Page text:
public void setOpeningValue(float openingValue) {
                    this.openingValue = openingValue;

                public void setOpeningValue(String openingValue) {
                    try {
                    } catch(NumberFormatException exception) {

                public float getHighValue() {
                    return highValue;

                public void setHighValue(float highValue) {
                    this.highValue = highValue;

                public void setHighValue(String highValue) {
                    try {
                    } catch(NumberFormatException exception) {

                public float getLowValue() {
                    return lowValue;

                public void setLowValue(float lowValue) {
                    this.lowValue = lowValue;

                public void setLowValue(String lowValue) {
                    try {
                    } catch(NumberFormatException exception) {

                public float getChange() {
                    return change;

                public void setChange(float change) {
                    this.change = change;

                public void setChange(String change) {
                    try {
                    } catch(NumberFormatException exception) {

                public float getVolume() {
                    return volume;

                public void setVolume(float volume) {
                    this.volume = volume;

                public void setVolume(String volume) {
                    try {
                    } catch(NumberFormatException exception) {

The cell renderers assigned to the columns in the BXML file ensure that the data represented by this class is formatted and presented correctly.

Finally, the query is executed:


            getQuery.execute(new TaskAdapter<Object>(new TaskListener<Object>() {

The argument passed to the execute() method is a TaskAdapter wrapped around an anonymous inner class implementation of TaskListener<Object>. TaskListener is an interface defined in the org.apache.pivot.util.concurrent package and serves as a callback handler for asynchronous operations implemented by the org.apache.pivot.util.concurrent.Task class, of which GetQuery is a subclass. TaskAdapter is defined in the pivot.wtk package and ensures that the callback occurs on the UI thread (otherwise, the listener is called in the context of the background thread, which can produce non-deterministic results).

TaskListener defines two methods:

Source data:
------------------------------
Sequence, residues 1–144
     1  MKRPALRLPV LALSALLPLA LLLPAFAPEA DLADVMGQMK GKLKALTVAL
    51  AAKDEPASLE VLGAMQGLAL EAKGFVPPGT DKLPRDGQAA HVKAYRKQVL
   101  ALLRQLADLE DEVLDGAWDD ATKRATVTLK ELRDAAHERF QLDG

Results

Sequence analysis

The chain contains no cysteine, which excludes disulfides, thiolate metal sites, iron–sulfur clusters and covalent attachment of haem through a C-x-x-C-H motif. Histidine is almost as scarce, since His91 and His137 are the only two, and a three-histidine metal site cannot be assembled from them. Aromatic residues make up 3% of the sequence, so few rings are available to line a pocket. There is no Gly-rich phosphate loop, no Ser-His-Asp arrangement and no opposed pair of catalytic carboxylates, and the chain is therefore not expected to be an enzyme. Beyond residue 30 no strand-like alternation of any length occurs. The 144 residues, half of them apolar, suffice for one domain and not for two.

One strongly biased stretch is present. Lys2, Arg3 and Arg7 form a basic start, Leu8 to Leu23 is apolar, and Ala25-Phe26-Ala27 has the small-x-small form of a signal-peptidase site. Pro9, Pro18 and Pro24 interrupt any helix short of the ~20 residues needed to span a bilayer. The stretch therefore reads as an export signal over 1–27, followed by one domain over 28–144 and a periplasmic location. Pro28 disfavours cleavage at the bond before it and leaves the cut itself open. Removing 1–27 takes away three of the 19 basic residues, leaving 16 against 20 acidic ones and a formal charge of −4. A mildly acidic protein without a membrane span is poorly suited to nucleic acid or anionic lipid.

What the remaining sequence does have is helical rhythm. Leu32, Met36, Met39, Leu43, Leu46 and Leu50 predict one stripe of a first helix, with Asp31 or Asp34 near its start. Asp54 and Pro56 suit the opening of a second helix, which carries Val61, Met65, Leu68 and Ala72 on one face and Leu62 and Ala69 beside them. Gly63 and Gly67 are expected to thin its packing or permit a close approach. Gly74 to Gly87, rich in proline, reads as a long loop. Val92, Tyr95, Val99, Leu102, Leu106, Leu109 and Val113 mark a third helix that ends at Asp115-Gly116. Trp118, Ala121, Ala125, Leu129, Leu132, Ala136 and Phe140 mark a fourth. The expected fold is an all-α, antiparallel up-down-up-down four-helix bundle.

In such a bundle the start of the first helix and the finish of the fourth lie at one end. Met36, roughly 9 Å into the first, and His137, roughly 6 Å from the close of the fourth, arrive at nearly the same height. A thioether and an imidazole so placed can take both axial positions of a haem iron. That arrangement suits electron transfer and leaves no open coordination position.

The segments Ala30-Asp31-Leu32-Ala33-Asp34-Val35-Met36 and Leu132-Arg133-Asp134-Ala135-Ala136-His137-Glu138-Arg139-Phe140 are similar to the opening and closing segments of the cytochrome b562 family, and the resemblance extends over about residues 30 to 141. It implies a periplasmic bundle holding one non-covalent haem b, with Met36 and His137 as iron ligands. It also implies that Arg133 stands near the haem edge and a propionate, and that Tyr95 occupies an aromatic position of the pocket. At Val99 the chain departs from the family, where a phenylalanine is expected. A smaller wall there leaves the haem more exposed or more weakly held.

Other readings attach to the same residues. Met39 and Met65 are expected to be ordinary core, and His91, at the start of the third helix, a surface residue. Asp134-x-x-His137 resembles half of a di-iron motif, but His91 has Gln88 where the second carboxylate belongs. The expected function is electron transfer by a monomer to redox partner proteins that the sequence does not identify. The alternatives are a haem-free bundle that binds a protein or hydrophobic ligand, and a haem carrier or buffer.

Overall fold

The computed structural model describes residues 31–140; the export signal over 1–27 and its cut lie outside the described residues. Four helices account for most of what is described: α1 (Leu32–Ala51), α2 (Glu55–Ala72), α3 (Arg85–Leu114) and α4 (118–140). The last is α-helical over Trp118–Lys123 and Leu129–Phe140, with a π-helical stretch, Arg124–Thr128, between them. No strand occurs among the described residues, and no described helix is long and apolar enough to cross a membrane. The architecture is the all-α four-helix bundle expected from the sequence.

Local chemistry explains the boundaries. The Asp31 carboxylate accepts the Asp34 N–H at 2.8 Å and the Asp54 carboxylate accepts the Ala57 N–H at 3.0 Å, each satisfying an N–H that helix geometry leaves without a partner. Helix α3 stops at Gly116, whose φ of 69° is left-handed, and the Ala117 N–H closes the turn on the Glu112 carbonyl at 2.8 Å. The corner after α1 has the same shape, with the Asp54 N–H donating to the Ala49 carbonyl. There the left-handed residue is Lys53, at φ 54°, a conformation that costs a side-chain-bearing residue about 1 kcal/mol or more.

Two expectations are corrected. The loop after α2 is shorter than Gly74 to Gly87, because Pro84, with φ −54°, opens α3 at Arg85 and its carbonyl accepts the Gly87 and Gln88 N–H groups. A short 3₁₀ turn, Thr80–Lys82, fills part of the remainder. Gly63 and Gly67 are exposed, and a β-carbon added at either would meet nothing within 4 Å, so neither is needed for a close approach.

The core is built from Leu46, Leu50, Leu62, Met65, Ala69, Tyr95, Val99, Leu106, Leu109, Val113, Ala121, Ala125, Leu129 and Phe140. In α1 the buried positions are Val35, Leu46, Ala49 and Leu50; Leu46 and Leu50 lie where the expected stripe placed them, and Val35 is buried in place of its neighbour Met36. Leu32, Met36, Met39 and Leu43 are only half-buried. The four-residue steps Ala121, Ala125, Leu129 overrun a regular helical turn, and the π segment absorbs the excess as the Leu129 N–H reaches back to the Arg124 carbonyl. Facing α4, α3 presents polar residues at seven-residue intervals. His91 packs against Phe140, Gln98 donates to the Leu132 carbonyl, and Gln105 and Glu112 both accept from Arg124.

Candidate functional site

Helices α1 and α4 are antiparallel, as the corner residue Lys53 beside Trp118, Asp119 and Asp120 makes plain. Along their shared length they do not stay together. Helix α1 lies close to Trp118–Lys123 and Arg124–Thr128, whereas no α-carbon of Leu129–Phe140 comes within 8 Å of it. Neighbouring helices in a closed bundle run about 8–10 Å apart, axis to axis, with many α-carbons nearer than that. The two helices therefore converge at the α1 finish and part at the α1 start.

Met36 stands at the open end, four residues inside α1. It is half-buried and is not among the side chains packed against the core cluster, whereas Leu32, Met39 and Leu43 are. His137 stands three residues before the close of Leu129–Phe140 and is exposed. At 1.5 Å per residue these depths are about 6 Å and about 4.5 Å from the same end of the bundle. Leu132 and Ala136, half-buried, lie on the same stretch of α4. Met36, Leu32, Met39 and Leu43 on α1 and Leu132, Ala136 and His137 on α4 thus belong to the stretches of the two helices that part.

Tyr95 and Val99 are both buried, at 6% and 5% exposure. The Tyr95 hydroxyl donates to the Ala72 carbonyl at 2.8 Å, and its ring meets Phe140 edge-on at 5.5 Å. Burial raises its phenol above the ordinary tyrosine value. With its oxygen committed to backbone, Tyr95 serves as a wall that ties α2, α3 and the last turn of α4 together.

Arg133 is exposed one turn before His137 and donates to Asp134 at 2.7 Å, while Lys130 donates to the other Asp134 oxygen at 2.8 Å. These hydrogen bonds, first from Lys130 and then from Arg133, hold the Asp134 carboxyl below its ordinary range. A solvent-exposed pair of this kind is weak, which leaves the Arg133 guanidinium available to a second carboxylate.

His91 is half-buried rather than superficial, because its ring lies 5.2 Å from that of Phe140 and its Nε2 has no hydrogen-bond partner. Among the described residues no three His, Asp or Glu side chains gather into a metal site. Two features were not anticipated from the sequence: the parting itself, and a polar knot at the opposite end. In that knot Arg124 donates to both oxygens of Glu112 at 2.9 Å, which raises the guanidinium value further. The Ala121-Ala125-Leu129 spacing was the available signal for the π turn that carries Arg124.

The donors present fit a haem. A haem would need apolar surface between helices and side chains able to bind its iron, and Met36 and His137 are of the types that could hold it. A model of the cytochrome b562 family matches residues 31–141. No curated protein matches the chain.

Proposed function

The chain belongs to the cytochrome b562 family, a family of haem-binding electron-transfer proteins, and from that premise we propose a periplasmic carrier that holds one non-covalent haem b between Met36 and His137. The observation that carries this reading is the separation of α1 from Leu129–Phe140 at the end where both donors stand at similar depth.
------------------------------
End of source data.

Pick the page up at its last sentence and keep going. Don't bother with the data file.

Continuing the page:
public void taskExecuted(Task<V> task);
public void executeFailed(Task<V> task);

The template parameter V is defined by the Task class and represents the (optional) return value of the operation. The first method is called if the task completes successfully, and the second is called if the task failed for any reason.

StockTracker's success handler is defined as follows:

                public void taskExecuted(Task<Object> task) {
                    if (task == getQuery) {
                        List<Object> quotes = (List<Object>)task.getResult();

                        // Preserve any existing sort and selection
                        Sequence<?> selectedStocks = stocksTableView.getSelectedRows();

                        List<Object> tableData = (List<Object>)stocksTableView.getTableData();
                        Comparator<Object> comparator = tableData.getComparator();


                        if (selectedStocks.getLength() > 0) {
                            // Select current indexes of selected stocks
                            for (int i = 0, n = selectedStocks.getLength(); i < n; i++) {
                                Object selectedStock = selectedStocks.get(i);

                                int index = 0;
                                for (Object stock : stocksTableView.getTableData()) {
                                    String symbol = JSON.get(stock, "symbol");
                                    String selectedSymbol = JSON.get(selectedStock, "symbol");

                                    if (symbol.equals(selectedSymbol)) {

                        } else {
                            if (quotes.getLength() > 0) {


                        DateFormat dateFormat = DateFormat.getDateTimeInstance(DateFormat.LONG,
                            DateFormat.MEDIUM, Locale.getDefault());
                        lastUpdateLabel.setText(dateFormat.format(new Date()));

                        getQuery = null;

If the source of the event is the currently executing task, the handler does the following:

  • Caches the current sort and selection state of the quote table view

  • Gets the result of the query and casts it to the appropriate type (List<Object>)

  • Sets the list as the model data for the table view

  • Restores any selection state (which would have been lost when the model data was reset)

  • Updates the value of the "last updated" label to reflect the current time, in a manner appropriate for the current locale

In the case of a failure, the handler simply logs the exception to the console:

            public void executeFailed(Task<Object> task) {
                if (task == getQuery) {
                    getQuery = null;

This example demonstrates the use of GetQuery only, but Pivot also provides support for HTTP POST, PUT, and DELETE operations using the PostQuery, PutQuery, and DeleteQuery classes, respectively. This makes it very easy to built a complete REST client using Pivot.

Next: Data Binding